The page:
The University of Witwatersrand’s evolutionary studies institute has rebranded a pre-mammalian reptile, the Anteosaurus. Previously assumed to be a sluggish, slow-moving animal, scientists now think it was indeed a savage hunter, regardless of its body size.
The institute’s Dr Julien Benoit and co-authors used X-ray imaging and 3D reconstruction for a high-resolution view of the animal’s skull, which showed that the ancient creature’s inner ear, associated with balance, was not as imagined.
Although it had a heavy-structured skeleton, scientists found that the nearly one-tonne creature’s brain and inner ear were adapted for fast motion, similar to those of Velociraptors, who are known as vicious pack hunters.
The Anteosaurus’ nervous system was also found to be more advanced than other contemporaneous carnivores of similar size, making it possible that it would ambush, harass and run after its big or small prey.
The beast, which is believed to have roamed the African continent 260-million years ago, is known to have lived in the Guadalupian epoch on areas today known as South Africa.
Some of its remains can be viewed at the Iziko museum of natural history in Cape Town.
According to the National Centre for Biotechnology dataset, Earth witnessed a major turning point in the mid-Permian era, in which the dataset shows a 74% to 80% loss of generic richness. South Africa was still close to the South Pole at the time.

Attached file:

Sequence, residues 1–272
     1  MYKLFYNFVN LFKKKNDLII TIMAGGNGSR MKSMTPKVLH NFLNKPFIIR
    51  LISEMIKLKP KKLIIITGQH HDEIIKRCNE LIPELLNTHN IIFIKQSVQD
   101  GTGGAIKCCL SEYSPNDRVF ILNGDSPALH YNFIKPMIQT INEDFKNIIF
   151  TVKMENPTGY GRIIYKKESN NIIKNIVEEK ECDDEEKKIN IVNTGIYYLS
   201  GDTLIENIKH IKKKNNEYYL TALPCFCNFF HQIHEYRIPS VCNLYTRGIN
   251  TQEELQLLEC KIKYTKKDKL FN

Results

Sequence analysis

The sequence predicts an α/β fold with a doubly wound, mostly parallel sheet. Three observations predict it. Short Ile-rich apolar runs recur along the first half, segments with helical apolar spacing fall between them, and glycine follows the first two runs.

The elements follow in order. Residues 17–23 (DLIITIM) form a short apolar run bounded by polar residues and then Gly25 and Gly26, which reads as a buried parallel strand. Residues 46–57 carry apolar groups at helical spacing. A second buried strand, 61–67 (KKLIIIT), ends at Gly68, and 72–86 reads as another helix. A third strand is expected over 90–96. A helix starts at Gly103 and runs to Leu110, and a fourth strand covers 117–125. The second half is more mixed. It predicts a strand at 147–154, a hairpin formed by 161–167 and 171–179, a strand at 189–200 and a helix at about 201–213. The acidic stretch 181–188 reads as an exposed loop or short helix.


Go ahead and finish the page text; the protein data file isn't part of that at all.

Benoit said the large Therocephalians were Anteosaurus’ competitors at the time, but as studies stand, their brain cases have indicated that they were less likely agile and fast.
Dinosaurs appeared on Earth around 240-million years ago and became extinct around 65-million years ago.
The Antaeus reptile was not a dinosaur but a type of dinocephalian, a pre-mammal that dominated Africa 30-million years before the dinosaur existed.
From evidence that has been found so far, the animal probably looked a little like a komodo dragon with a hippo-sized head. Large bumps and lumps above the eyes and enlarged canines gave the beast a savage look.
It was because of these features that the Anteosaur reptile was previously presumed to be slow and living in water.
“Other carnivores have in the past reached similar body size. It is unclear how body weight affected their hunting style. Many dinosaurs are considered agile despite huge body weight. Also, we do not have a complete skeleton so the Anteosaurus’ body weight is really just a wild guess,” said Benoit.
He said they would need to find more skeletal fragments to make a more accurate size estimate. The Brachiosaurus dinosaur was estimated to weigh 150 tonnes, but modern modelling techniques suggest a weight of 40 tonnes was more likely.
Dr Ashley Kruger, a paleontologist at the Swedish Museum of Natural History in Stockholm, said the new findings about the ancient extinct creature contradicted what they had known about it.
“In creating the most complete reconstruction of an Anteosaurus skull to date, we found that overall, the nervous system was optimised and specialised for hunting swiftly and striking fast, unlike what was previously believed,” he said.